install.packages("googleVis",dependencies=TRUE)
library(googleVis)

The cool thing about the googleVis package is that we get back a map in a web browser that has scroll bars and zoom tools. Additionally we can use information from the data frame to annotate the chart we plan to create. So, for example, for each tour stop that the band made we can put in meta info like the name of the venue they played as well as the date.

We have to do this in a way that accommodates the requirements of googleVis. This means we have to read through the googleVis manual pages and play around with the examples. However, hopefully I’m presenting a pretty good example here so you don’t have to immerse yourself in the manual (at least not yet).

The first thing we need to do is to create a single column for the Latitude and Longitude because goolgeVis wants this. This is easy to do. Let’s take the existing stones75 data frame and change it:

head(stones75)

         Date        City     State                Venue  lat   lon
1 1 June 1975 Baton Rouge Louisiana  LSU Assembly Center 30.5 -91.1
2 3 June 1975 San Antonio     Texas    Convention Center 29.4 -98.5
3 4 June 1975 San Antonio     Texas    Convention Center 29.4 -98.5
4 6 June 1975 Kansas City  Missouri    Arrowhead Stadium 39.1 -94.6
5 8 June 1975   Milwaukee Wisconsin       County Stadium 43.0 -87.9
6 9 June 1975  Saint Paul Minnesota         Civic Center 45.0 -93.1

stones75$LatLon = paste(round(stones75$lat,1),round(stones75$lon,1),sep=":")
stones75 = stones75[,-5:-6]  # Remove the old lat and lon columns

head(stones75)
         Date        City     State                Venue     LatLon
1 1 June 1975 Baton Rouge Louisiana  LSU Assembly Center 30.5:-91.1
2 3 June 1975 San Antonio     Texas    Convention Center 29.4:-98.5
3 4 June 1975 San Antonio     Texas    Convention Center 29.4:-98.5
4 6 June 1975 Kansas City  Missouri    Arrowhead Stadium 39.1:-94.6
5 8 June 1975   Milwaukee Wisconsin       County Stadium   43:-87.9
6 9 June 1975  Saint Paul Minnesota         Civic Center   45:-93.1

Next up we can create a column in our data frame that contains all the information we want to use to annotate each concert date. This can include HTML tags to better format the output. As an example the statement below creates a new column in the data frame called “Tip”, that has the following info: the Stop number on the tour, the Venue where it was held, and the Date of the concert. Once we have a map we can click on the “pin” for each location and see the annotation info.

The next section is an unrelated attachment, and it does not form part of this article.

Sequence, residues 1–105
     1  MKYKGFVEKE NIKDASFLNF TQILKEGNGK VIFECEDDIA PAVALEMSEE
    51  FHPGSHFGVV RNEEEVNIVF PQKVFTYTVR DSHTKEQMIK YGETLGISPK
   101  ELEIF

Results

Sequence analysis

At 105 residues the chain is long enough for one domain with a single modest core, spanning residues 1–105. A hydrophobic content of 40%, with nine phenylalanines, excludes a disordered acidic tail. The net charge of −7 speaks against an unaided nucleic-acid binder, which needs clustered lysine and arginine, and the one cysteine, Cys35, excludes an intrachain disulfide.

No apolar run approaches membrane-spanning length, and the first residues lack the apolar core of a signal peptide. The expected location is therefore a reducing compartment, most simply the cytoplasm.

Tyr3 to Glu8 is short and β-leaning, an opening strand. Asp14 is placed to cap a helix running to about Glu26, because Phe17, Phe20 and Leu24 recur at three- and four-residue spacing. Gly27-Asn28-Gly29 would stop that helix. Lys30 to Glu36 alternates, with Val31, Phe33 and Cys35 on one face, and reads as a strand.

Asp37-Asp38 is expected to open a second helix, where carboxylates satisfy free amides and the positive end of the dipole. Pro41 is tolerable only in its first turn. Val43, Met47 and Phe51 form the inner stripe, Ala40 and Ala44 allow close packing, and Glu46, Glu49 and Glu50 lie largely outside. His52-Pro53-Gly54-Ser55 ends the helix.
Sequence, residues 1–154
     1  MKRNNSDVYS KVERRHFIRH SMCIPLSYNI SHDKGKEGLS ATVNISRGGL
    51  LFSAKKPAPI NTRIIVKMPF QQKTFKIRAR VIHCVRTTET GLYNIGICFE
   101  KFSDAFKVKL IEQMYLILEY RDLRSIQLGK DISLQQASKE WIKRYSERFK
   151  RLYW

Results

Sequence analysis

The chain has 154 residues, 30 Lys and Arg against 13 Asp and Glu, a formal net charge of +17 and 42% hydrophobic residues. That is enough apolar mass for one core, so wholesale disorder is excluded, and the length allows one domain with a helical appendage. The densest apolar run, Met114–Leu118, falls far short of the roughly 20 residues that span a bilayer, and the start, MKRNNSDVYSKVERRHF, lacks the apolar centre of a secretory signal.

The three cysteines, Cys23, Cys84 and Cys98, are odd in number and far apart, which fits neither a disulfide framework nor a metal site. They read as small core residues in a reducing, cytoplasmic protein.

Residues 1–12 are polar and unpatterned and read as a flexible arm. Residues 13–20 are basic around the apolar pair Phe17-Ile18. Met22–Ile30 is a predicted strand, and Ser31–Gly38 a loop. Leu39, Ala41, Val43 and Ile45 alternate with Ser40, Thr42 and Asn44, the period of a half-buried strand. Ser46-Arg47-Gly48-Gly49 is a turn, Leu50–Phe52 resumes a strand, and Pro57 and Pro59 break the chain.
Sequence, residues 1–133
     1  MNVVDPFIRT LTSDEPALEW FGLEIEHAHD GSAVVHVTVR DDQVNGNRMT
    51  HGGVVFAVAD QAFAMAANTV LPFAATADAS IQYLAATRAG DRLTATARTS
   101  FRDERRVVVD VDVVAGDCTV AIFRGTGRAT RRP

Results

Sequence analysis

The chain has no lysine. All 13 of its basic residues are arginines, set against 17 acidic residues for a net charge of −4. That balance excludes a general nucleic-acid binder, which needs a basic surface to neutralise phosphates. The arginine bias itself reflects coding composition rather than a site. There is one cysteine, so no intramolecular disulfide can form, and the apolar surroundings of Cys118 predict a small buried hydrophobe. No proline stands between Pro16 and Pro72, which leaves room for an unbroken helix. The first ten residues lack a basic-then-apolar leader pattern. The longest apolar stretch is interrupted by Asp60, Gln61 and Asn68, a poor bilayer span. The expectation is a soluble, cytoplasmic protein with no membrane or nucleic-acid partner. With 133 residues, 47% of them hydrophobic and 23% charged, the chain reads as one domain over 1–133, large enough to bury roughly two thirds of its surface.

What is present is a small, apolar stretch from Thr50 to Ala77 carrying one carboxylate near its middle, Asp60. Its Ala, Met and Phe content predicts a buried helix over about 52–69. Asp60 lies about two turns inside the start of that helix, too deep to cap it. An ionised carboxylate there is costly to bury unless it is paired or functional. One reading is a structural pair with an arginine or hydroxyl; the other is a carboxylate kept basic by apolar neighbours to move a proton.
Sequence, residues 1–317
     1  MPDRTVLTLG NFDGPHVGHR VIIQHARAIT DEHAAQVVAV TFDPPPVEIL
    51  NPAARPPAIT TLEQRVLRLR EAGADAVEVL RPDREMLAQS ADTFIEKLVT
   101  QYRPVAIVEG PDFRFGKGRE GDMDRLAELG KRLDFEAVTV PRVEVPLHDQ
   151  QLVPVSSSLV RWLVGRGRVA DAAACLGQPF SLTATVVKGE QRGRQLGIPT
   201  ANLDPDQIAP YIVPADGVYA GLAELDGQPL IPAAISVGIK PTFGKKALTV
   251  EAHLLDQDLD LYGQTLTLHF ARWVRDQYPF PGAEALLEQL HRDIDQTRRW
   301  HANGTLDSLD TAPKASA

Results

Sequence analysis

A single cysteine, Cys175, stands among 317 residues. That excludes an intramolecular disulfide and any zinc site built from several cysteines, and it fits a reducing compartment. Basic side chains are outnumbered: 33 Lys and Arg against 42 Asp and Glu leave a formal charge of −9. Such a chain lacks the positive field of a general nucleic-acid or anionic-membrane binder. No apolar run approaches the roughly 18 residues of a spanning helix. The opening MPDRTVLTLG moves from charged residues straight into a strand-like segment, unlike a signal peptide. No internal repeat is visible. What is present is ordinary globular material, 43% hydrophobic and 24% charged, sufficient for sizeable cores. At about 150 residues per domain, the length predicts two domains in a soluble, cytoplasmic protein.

stones75$Tip = paste(rownames(stones75),stones75$Venue,stones75$Date,"<BR>",sep=" ")

# Now we can create a chart !  

# Click on the Atlanta locator and you'll see that it was the 37th stop of the tour. 
# The show took place at The Omni on July 30th, 1975

stones.plot = gvisMap(stones75,"LatLon","Tip")
plot(stones.plot)

googlemap
Refining the Plot Annotations
Pretty cool huh ? We can also zoom in on different parts of the map. The gvisMap function has a number of options that would allow us to draw a line between the cities, select a different type of map, and adopt certain zoom levels by default. So what else could / should we do ?

Well we have a problem here in that the Stones played more than one show in several cities but we don’t take that into account when we are building the annotation data. What we might want to do is to process the data frame and, for those cities that had multiple shows, (e.g. New York), we can capture all the meta data in one go. We saw this before with the New York dates.

stones75[9:18,]

           Date          City        State                 Venue
9  15 June 1975       Buffalo     New York   Memorial Auditorium
10 17 June 1975       Toronto      Ontario    Maple Leaf Gardens
11 22 June 1975 New York City     New York Madison Square Garden
12 23 June 1975 New York City     New York Madison Square Garden
13 24 June 1975 New York City     New York Madison Square Garden
14 25 June 1975 New York City     New York Madison Square Garden
15 26 June 1975 New York City     New York Madison Square Garden
16 27 June 1975 New York City     New York Madison Square Garden
17 29 June 1975  Philadelphia Pennsylvania          The Spectrum
18  1 July 1975         Largo     Maryland        Capital Center

Currently our plot has only the last New York show information. But we want to have the info for all NYC shows. Here is one way to approach this problem. Note that there are probably more elegant ways to clean up the data but this will do the job for now.